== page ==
Questions 1-4 may be answered with a sentence or two each

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British Imperialism in India
DIRECTIONS: Read the text. Then, answer each of the questions on a loose sheet of paper. Be prepared to discuss.
QUESTIONS 1-4 may be answered with a sentence or two each.

  1. What were some of the factors that let the British East India Company take control of India?

  2. What was the cause of the Great Rebellion of 1857?

  3. What are some ways that Britain helped India develop?

  4. What are some reasons that most Indians would have wanted an end to British rule?

QUESTIONS 5 and 6 require a lengthy, thoughtful paragraph each.

  1. Who would you say is responsible for the Great Rebellion? Why? Explain clearly

  2. Do you think most Indians (around about 1900) would look back on the Great Rebellion as a positive or a negative moment in history? Why? Explain clearly.

Adapted from:,, and

On December 31, 1600, Queen Elizabeth I granted a charter to a group of 25 adventurers, giving them a monopoly on trade between England and the countries in the East Indies. The Company established settlements in Bombay, on India's west coast, and on India's east coast, in Calcutta and Madras. They became centers for Indian textiles that were in high demand in Europe.
The British competed with the Dutch East India Company and the French Compagnie des Indes Orientales. Armies of Indians hired as soldiers, called sepoys, and supplied with European weaponry increased the British might against its western competitors and were used to control much of India.
The decline and fall of the Mughal Empire in the mid-18th century contributed to the East India Company's accumulation of power in the region. After Aurangzeb's death in 1707 CE, (remember him?!?!) his four sons battled among themselves for power. The wars Aurangzeb had fought left the treasury empty, which contributed to the Mughal Empire's slow decline, and the British takeover. In 1757, the British East India Company defeated and killed the Mughal governor of Bengal (a part of India). By 1765, the Company had become the largest territorial power in India.
The Great Rebellion of 1857 (aka The Sepoy Rebellion)

Early in 1857, the British issued a new rifle to the sepoy regiments. The rifle fired a paper cartridge that combined the gunpowder and the bullet. The rifleman had to bite off the end of the cartridge before pushing it down the barrel of the gun. To ease its passage down the gun barrel, each cartridge was heavily greased with beef or pork fat. This horrified the Hindu and Muslim sepoys because they would have to bite into beef or pork fat to use the new cartridges. This act, they believed, would violate their religions. (Muslims are prohibited from eating pork and Hindus are prohibited from eating beef.)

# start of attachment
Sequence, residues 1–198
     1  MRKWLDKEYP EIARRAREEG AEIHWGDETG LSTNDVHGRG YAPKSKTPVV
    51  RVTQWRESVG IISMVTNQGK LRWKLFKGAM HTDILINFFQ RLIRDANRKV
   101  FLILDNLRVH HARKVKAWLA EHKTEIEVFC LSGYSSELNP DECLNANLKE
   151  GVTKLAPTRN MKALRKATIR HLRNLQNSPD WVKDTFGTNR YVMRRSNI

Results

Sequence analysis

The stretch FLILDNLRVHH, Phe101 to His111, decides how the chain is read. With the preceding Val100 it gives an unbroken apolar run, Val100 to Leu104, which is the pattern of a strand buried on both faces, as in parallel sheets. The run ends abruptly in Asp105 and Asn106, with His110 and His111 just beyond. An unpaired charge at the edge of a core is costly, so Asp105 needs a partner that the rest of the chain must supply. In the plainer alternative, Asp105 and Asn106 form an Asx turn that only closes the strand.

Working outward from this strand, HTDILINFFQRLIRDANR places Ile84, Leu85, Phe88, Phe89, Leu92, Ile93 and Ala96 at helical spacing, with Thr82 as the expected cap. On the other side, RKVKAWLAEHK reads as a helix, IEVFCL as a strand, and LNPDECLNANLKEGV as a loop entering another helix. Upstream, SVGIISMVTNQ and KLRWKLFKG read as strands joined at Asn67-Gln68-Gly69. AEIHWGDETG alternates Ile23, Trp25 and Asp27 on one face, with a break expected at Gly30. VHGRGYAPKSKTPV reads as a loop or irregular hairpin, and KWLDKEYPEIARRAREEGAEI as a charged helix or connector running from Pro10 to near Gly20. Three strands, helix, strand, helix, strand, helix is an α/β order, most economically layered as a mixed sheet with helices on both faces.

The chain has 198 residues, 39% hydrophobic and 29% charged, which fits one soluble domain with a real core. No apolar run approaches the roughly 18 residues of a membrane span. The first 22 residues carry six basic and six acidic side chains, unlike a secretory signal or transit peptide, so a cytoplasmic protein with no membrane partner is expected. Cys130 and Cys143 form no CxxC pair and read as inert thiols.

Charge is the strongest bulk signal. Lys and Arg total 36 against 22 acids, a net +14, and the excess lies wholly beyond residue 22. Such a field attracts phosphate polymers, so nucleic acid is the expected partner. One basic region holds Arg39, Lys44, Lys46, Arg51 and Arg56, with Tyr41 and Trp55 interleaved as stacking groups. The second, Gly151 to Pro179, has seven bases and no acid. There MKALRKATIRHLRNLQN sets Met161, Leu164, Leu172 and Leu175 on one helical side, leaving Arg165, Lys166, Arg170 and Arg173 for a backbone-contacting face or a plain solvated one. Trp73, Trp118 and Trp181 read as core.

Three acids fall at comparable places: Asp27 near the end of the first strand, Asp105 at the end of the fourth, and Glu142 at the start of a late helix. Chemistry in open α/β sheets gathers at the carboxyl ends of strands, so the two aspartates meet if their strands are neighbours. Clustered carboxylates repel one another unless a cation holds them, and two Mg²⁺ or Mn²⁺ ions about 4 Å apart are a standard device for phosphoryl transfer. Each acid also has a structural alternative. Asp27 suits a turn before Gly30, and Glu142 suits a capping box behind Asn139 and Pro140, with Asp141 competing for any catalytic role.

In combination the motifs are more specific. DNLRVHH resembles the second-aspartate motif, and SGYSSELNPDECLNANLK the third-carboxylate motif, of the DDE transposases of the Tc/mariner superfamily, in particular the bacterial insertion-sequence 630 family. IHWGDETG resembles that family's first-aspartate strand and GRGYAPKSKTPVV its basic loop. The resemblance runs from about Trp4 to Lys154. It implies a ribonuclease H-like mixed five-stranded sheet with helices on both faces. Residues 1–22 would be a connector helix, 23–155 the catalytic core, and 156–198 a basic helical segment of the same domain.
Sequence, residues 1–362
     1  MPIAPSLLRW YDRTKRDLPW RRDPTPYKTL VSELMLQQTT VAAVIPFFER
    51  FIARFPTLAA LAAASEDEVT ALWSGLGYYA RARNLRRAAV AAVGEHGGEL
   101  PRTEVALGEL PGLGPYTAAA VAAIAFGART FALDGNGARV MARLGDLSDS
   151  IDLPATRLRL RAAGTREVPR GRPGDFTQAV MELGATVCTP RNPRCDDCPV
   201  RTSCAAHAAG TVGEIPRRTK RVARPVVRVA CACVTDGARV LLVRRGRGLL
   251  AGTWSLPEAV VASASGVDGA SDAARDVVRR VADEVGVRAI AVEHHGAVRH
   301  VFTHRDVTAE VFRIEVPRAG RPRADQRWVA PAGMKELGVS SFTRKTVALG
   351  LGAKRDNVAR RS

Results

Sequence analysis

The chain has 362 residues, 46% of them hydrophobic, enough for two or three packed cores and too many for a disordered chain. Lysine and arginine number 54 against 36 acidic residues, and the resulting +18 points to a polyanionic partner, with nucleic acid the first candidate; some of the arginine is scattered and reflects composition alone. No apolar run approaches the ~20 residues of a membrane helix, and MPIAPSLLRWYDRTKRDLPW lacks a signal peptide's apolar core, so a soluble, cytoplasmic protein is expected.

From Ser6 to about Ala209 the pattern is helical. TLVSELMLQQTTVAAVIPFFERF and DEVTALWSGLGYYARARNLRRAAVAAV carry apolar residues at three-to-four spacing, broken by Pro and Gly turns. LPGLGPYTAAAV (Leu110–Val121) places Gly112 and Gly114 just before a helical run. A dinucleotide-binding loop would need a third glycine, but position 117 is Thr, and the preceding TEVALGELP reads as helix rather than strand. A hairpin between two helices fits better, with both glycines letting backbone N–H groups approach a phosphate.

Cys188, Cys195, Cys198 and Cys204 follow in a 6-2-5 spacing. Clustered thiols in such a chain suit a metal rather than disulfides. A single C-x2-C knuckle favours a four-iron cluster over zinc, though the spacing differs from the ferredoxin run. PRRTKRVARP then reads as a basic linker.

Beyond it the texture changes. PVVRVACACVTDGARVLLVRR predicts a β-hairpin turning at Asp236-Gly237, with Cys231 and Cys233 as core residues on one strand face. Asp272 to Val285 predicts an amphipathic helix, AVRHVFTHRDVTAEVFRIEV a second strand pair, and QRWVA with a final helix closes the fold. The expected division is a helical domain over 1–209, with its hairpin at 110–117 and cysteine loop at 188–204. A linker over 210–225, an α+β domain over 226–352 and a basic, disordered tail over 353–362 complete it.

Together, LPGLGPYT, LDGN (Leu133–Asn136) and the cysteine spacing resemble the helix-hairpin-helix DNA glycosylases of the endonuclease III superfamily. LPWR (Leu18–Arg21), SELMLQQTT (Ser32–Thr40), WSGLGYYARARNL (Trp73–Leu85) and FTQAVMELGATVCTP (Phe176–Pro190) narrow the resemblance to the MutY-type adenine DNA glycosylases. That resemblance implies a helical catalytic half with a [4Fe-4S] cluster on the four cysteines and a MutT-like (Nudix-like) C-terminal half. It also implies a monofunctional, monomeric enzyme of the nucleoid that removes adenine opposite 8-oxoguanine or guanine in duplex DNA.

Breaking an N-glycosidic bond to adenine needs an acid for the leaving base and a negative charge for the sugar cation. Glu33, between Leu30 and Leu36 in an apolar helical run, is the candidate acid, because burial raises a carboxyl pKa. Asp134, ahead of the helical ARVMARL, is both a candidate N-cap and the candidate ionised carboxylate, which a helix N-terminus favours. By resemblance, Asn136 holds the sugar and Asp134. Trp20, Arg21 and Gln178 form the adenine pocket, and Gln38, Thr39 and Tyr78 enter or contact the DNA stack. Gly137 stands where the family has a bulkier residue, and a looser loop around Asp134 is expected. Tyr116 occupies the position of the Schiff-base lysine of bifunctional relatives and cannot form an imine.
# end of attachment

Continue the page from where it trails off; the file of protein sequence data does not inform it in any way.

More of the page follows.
In April 1857 at a military post near Delhi, 85 sepoy cavalrymen refused to use the new cartridges when ordered to do so. The British court-martialed and sentenced them to prison. After the sentencing, the British humiliated them by stripping off their uniforms and shackling their ankles in front of 4,000 sepoy troops. Shocked by what they had seen, the troops mutinied. They quickly overwhelmed the British and released the sepoy prisoners. They then began shooting every British man, woman, and child in sight. The mutineers then marched to Delhi (the capital) to seek the approval of the Mughal Emperor (who had little power). Both Hindus and Muslims respected him as a symbol of the traditional way of life. Bahadur Shah II, the Emperor, agreed to support the sepoys. He called for all Hindus and Muslims to unite. "May all the enemies of the Faith be killed today," he said, "and the [foreigners] be destroyed root and branch!"
Shocked by the capture of Delhi by sepoy mutineers, the British began to disarm the East India Company sepoy regiments. Eventually, the British had to bring in troops from all over their empire to fight the rebels.
Civilian rebels soon outnumbered the sepoys. The mutiny grew into a general uprising against the British across northern and central India. Sepoy regiments, together with farmers, villagers, government workers, and others, looted and burned British homes, churches, missions, and East India Company property. They also hunted down and killed any British people they found.